Maryann E. Martin (1813-1857) “The United States drawn by Maryann E. Martin, Williamstown.” [Vermont].
Drawn ca. 1830. Ink on wove paper. Original outline watercolor. 16 ¼ x 20 ¼. Map originally mounted to canvas backing and varnished. Browning in map due to varnish. Minor water stains along right hand side and into title at bottom, not affecting map. With original ribbon edging, hanging loop at top and rollers. Overall, good condition. A/A
As an outgrowth of the same educational thrust that drove the production of embroidery samplers, schoolgirl maps represent a progression in attitudes toward girlhood education and female intellect. Where embroidery showed off a young lady’s refinement and artistic skill, a hand-drawn map indicated those refinements as well as lessons on more worldly topics. Though such a map would hardly see use outside the domestic setting, the instruction of map-drawing for young girls indicates a desire for females to have greater knowledge of the shape of the world.
We attribute this map to Maryann E. Martin (1813-1857) of Williamstown, VT. Even a cursory glance at this schoolgirl’s map of the United States reveals that lessons in geography and history must have been extensive indeed. Maryann Martin’s meticulous map includes detailed topographic information. Her rendering of coastal inlets, bays, and islands is remarkable. Throughout the unsettled portions of the south and west, Native American tribes are noted. A decorative arch of beautifully, but not fully, drawn roses are part of the title.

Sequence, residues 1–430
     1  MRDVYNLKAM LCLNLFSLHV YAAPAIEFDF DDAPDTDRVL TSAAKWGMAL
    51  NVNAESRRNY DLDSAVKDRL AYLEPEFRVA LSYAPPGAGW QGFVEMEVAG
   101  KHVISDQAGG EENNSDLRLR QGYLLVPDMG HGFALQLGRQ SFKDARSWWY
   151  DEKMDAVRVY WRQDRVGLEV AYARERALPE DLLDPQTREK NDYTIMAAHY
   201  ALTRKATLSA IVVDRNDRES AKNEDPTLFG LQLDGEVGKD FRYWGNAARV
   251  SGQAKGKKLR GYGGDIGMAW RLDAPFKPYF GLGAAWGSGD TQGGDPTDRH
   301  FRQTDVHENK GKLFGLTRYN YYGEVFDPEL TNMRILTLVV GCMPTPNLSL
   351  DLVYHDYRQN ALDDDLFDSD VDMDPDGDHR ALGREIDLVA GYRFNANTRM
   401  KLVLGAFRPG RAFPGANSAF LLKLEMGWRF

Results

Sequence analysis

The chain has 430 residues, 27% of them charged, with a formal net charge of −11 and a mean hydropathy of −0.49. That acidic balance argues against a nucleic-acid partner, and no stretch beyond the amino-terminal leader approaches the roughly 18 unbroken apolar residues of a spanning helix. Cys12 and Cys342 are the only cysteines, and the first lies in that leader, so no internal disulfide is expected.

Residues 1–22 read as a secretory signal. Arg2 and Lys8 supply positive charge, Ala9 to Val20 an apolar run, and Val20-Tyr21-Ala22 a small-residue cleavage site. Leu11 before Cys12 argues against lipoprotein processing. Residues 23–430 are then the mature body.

We can determine this manuscript map to have been drawn about 1830 based on the age of Maryann at this time. She was most likely copying a map that was approximately published in 1820. The capital of Illinois at this time is Kaskaskia which is indicated on the map but not Vandalla which in 1819 became the capital. The town of “Croidon”, in bold letters, was the capitol of Indiana before being moved to Indianapolis in 1825. Murfreesboro, in large type, is indicated as capital of Tennessee until the year 1826. All in all, a quintessential example of the schoolgirl map.